Apache bands roamed the area of Southeastern Arizona, plus Southern New Mexico (& other adjacent areas) in the 1800s. Their ways didn’t promote permanent homesteads – but these areas were their home. Settlers from the Eastern U.S. began relocating to the area.
The Apaches weren’t happy with the situation. Inevitably, conflicts occurred. People on both sides of the line had aggressive, uncompromising attitudes.
The Bascom Affair
In Jan. 1861 a Native American band entered a So. AZ ranch, kidnapping a young boy. Lt. George Bascom was assigned to scout it out & retrieve him. Bascom suspected the kidnapper was Cochise, the Chiricahua leader. Bascom sent word for Cochise to meet him to talk.
Cochise arrived at Bascom’s camp with his wife, 2 children & 2 men. He discovered he was accused of taking this boy. He denied it (he was innocent). But said he’d find out who it was & bring them in. Bascom said yes – arrange that, but he’d hold Cochise hostage until the culprits were detained.
Cochise was angrily vexed by that idea – he knifed a hole in the tent & escaped! His family & the 2 warriors were retained. Bascom now felt an Apache attack was imminent. He saw signal fires on the hills adjacent to Apache Pass.
Will Talks Help?
Cochise returned with 3 Coyotero Apache warriors to negotiate. Bascom, 2 sergeants & the boy’s father met him. More Apache warriors entered a dry gulch nearby. 2 Overland stage agents approached the gulch & a warrior grappled with one.
Gunfire erupted, crisscrossing from the Army & the Apaches. That ended this Cochise-Bascom meeting. Next Cochise started stalking stagecoaches as a pressure tactic. In 1 attack, he took 3 men hostage. Meanwhile more & more Apache warriors arrived at Apache Pass.
3 Apache Chiefs were there: Cochise, Francisco & Mangas Coloradas. Talks for hostage exchange got nowhere with Bascom. So next the Chiefs attacked Bascom’s troops. On escaping, the Apaches killed their hostages.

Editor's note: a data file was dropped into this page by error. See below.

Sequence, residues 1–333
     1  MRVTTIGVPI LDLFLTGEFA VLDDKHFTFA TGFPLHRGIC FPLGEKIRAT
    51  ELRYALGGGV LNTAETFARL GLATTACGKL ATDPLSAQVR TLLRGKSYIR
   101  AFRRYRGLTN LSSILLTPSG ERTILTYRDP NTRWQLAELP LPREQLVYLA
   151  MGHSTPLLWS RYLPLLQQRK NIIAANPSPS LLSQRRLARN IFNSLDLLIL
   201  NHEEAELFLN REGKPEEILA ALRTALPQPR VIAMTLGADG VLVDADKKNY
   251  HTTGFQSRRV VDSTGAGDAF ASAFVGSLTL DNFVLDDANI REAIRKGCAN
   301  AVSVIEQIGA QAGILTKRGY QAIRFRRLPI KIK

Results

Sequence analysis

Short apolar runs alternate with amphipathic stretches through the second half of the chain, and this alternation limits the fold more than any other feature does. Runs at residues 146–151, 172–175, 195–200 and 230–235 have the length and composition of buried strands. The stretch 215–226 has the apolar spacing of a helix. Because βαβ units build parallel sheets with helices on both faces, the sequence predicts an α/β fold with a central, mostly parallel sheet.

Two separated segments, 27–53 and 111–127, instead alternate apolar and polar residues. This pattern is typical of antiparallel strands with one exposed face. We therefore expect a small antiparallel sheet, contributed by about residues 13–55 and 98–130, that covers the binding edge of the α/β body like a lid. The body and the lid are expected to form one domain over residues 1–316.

That led to a relief Lieutenant hanging the Apache male hostages, but released the women & children.
In 1862 continuous skirmishes occurred between Apache warriors & the military. Particularly notable in the battle here in Apache Pass, was the participation of the California Column. Capt. Thomas L. Roberts led his Union troops against the warriors of Cochise & Mangas Coloradas.
Photo/Map Credit: Starwars1977
Give It & Take It Back
Cochise began indicating he had peace treaty interest around 1867. It took 5 years to get it accomplished.
In Dec. 1872 the Chiricahua Indian Reservation was created within the Chiricahua Apache territory. It reached from East of the Chiricahua Mountains to West of the Dragoon Mountains. Brought about through a treaty signed by Cochise. That encompassed Apache Pass.
The area is desirable, because a natural spring eminates from a fault. Timber is available in elevations. But the U.S. dissolved the reservation 2 years later, requiring the Chiricahua Apaches to reside at San Carlos Reservation. This didn’t suit many of them.
Cochise didn’t need to endure that dissolution. He died before it happened. His people buried him in an unknown location in Cochise Stronghold, part of Coronado National Forest. This is a place you can visit today.
You can hike the Trail Through Apache Pass on your own – or ask for a Ranger-guided hike. It’s an easy day trip from Tombstone Arizona.
Some controversies remain about the entire “Bascom Affair” – but that’s another issue for another day here.
There are often historical remembrance events that make one want to know the true facts for people who roamed the Tombstone area & the Old West. What was their true story? And what happened to them – do we even know?
And we enjoy sharing what we find with you.
We hope we’ll see you in town sometime, seeing areas where they spent time – back in the 1800s.
Let us know if you’ll be going to an upcoming event! Tell us how you liked any of them, or what you visited here! Just reply to this newsletter for easy input! (Let us know if we can use your comments – & how to credit you.)